Middle-age spread raises the risk of dementia by up to a third – because being overweight could reduce blood flow to the brain, experts say. 

A worldwide study of more than 1.3million people found those with a high body mass index (BMI) in their 50s were much more likely to develop the condition two decades later.  Being overweight is known to be harmful to the cerebrovascular system – the vessels that carry blood to and from the brain. 

Researchers suggest the arteries in fatter people do not work as well in supplying oxygenated blood to the brain, harming mental function.  Experts have welcomed the findings of this latest study and said they serve as a wake up call to tackle the growing obesity epidemic – and a warning for complacent overweight middle-aged people.

The latest research, published in the journal Alzheimer's & Dementia, suggests that maintaining a healthy weight could prevent, or at least delay the devastating disease.

Obesity is harmful for the cerebrovascular and metabolic systems, increasing the risk of cardiovascular disease and type 2 diabetes. These two conditions, in turn, are related to an increased dementia risk and this is one possible pathway linking obesity to increased dementia risk.
Study author Professor Mika Kivimaki, from the University College London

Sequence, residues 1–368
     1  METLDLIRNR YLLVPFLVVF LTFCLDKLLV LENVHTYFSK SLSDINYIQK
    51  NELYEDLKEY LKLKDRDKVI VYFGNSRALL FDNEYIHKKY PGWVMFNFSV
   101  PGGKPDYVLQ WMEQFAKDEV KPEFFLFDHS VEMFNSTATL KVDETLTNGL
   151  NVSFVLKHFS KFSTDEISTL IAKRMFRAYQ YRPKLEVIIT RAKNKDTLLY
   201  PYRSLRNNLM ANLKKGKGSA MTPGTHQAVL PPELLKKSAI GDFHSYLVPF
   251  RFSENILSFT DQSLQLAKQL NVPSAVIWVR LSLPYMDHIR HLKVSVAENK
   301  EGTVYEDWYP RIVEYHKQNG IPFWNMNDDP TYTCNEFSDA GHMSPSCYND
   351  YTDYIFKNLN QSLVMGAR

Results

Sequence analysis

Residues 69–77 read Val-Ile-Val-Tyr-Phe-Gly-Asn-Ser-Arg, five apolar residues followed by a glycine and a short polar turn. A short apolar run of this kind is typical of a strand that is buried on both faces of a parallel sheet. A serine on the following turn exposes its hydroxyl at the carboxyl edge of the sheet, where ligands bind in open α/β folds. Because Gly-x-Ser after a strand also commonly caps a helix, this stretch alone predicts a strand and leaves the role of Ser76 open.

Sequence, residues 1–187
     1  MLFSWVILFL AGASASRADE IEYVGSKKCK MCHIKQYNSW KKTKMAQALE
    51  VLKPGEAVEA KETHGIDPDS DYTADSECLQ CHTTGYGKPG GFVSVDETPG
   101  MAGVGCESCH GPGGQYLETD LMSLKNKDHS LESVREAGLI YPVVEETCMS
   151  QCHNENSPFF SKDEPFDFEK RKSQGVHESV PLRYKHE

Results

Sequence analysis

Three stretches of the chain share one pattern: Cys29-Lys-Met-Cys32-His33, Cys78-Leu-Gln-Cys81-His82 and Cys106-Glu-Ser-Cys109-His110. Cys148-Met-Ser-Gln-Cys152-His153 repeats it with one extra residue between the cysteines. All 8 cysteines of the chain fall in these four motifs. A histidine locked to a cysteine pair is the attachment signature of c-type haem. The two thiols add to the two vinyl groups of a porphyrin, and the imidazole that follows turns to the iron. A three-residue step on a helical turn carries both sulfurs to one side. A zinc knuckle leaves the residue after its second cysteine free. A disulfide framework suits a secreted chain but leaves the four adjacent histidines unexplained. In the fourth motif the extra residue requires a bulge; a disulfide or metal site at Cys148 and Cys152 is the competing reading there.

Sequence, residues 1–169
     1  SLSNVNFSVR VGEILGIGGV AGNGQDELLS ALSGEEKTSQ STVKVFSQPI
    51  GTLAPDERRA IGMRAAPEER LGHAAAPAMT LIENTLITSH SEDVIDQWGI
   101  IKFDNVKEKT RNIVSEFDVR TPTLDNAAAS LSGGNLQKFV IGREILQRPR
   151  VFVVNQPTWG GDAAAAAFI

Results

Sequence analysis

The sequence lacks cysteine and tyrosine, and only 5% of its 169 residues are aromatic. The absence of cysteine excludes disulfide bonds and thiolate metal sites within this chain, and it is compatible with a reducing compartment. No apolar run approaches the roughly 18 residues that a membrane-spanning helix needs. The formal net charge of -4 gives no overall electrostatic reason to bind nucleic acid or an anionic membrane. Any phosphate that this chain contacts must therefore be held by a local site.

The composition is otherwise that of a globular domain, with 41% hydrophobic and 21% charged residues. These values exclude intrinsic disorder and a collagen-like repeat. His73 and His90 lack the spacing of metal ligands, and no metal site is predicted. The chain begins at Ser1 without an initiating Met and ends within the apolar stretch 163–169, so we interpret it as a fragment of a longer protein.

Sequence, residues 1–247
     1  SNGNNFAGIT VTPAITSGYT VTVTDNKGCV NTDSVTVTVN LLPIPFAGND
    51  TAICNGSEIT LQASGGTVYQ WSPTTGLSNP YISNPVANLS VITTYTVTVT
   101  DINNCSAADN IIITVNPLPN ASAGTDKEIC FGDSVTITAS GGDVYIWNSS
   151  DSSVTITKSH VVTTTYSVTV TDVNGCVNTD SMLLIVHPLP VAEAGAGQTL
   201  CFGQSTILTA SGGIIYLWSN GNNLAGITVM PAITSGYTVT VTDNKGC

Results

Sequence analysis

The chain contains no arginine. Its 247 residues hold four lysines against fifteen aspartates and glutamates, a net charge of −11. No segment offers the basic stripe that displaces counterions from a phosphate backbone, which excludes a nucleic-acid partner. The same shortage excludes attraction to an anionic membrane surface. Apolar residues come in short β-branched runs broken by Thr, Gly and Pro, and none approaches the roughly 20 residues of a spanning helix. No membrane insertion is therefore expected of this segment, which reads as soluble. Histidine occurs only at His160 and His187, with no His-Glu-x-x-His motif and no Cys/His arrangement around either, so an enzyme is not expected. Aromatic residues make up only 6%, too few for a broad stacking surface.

It contradicts a previous, similarly large-scale study in 2015 that found middle age spread may actually protect against dementia. 

But the latest research followed participants for a longer period and found weight loss can occur up to 10 years before the diagnosis – which may have skewed the previous findings. 

The authors of the latest study, carried out by University College London (UCL), believes he can explain why that research appeared to show being overweight is protective – but the opposite is true. People with dementia are at a very high risk for weight loss as eating, and drinking, becomes more difficult as the disease progresses.

The UCL team followed participants for so long they found dramatic weight reduction can actually occur up to 10 years before the diagnosis. This can mask the harm that carrying too many pounds does to the brain, they said. This research found participants had a higher-than-average body mass index some 20 years before dementia onset – at middle age. 


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